Deep vein thrombosis (DVT) and pulmonary embolism (PE) are known collectively as venous thromboembolism (VTE). Venous thromboembolic events are common and potentially life-threatening complications following trauma with an incidence of 5 to 63%. DVT prophylaxis is essential in the management of trauma patients. Currently, the optimal VTE prophylaxis strategy for trauma patients is unknown. Traditionally, pelvic and lower extremity fractures, head injury, and prolonged immobilization have been considered risk factors for VTE; however it is unclear which combination of risk factors defines a high-risk group. Modalities available for trauma patient thromboprophylaxis are classified into pharmacologic anticoagulation, mechanical prophylaxis, and inferior vena cava (IVC) filters. The available pharmacologic agents include low-dose heparin (LDH), low molecular weight heparin (LMWH), and factor Xa inhibitors. Mechanical prophylaxis methods include graduated compression stockings (GCSs), pneumatic compression devices (PCDs), and A-V foot pumps. IVCs are traditionally used in high risk patients in whom pharmacological prophylaxis is contraindicated. Both EAST and ACCP guidelines recommend primary use of LMWHs in trauma patients; however there are still controversies regarding the definitive VTE prophylaxis in trauma patients. Large randomized prospective clinical studies would be required to provide level I evidence to define the optimal VTE prophylaxis in trauma patients.
Venous thromboembolism, presenting as deep vein thrombosis or pulmonary embolism, is a major challenge for health care systems. It is the third most common vascular disease after coronary heart disease and stroke, and many hospitalized patients have at least one risk factor. In particular, patients undergoing hip or knee replacement are at risk, with an incidence of asymptomatic deep vein thrombosis of 40%–60% without thromboprophylaxis. Venous thromboembolism is associated with significant mortality and morbidity, with patients being at risk of recurrence, post-thrombotic syndrome, and chronic thromboembolic pulmonary hypertension. Arterial thromboembolism is even more frequent, and atrial fibrillation, the most common embolic source (cardiac arrhythmia), is associated with a five-fold increase in the risk of stroke. Strokes due to atrial fibrillation tend to be more severe and disabling and are more often fatal than strokes due to other causes. Currently, recommended management of both venous and arterial thromboembolism involves the use of anticoagulants such as coumarin and heparin derivatives. These agents are effective, although have characteristics that prevent them from providing optimal anticoagulation and convenience. Hence, new improved oral anticoagulants are being investigated. Dabigatran is a reversible, direct thrombin inhibitor, which is administered as dabigatran etexilate, the oral prodrug. Because it is the first new oral anticoagulant that has been licensed in many countries worldwide for thromboprophylaxis following orthopedic surgery and for stroke prevention in patients with atrial fibrillation, this compound will be the main focus of this review. Dabigatran has been investigated for the treatment of established venous thromboembolism and prevention of recurrence in patients undergoing hip or knee replacement, as well as for stroke prevention in atrial fibrillation patients with a moderate and high risk of stroke.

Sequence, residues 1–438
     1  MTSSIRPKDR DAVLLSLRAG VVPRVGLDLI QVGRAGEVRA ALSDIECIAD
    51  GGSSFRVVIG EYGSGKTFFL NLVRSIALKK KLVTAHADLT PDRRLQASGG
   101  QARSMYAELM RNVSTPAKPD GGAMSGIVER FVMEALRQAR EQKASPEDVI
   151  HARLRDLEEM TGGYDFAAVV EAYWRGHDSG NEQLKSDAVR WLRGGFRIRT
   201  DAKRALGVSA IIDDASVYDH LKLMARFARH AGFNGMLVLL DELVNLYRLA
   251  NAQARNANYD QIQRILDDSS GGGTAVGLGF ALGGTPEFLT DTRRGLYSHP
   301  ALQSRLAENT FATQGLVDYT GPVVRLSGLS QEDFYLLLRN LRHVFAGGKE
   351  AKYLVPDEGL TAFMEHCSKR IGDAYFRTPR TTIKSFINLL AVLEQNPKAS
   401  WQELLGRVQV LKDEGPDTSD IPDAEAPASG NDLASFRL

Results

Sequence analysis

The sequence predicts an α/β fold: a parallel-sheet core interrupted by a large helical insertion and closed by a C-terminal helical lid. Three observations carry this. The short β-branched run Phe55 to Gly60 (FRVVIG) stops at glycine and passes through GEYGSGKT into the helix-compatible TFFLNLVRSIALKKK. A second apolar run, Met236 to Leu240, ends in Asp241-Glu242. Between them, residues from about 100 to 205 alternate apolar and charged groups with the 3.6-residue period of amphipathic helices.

dabigatran etexilate; venous thromboembolism; stroke; prevention; treatment
This study aimed to determine the frequency of fatal pulmonary emboli in hospitalised medical patients by a retrospective necropsy review and prospective non-interventional patient follow up study. The main outcome measure, necropsy proven fatal pulmonary embolism, was determined from 400 consecutive necropsy records and 200 consecutive medical inpatient episodes. Fatal pulmonary embolism was recorded in 29 of 400 necropsies; 17 were medical patients. Thirty one of 200 consecutive medical patients died. Fourteen necropsies were performed and revealed pulmonary embolism as the cause of death in five patients. The incidence of necropsy proven fatal pulmonary embolism was therefore 2.5% (95% confidence intervals 0.8% to 5.7%). Therefore, one in 40 medical patients had pulmonary embolism recorded as the cause of death at necropsy. As the necropsy rate was only 45% the incidence of fatal pulmonary embolism may be greater. There is, therefore, a need to perform more large prospective studies to confirm the incidence of fatal pulmonary embolism in medical patients and to identify risk factors and effective antithrombotic prophylaxis.
Fatal pulmonary embolism following a shoulder joint replacement is a rare event. The exact prevalence of shoulder arthroplasties is not clear. Unlike hip and knee joint replacements where some form of thromboprophylaxis is routinely prescribed, no such guidelines and practice exist for shoulder replacements. Other case reports have confirmed fatal and non-fatal pulmonary embolisms following shoulder replacements, but particular risk factors were identifiable in those patients.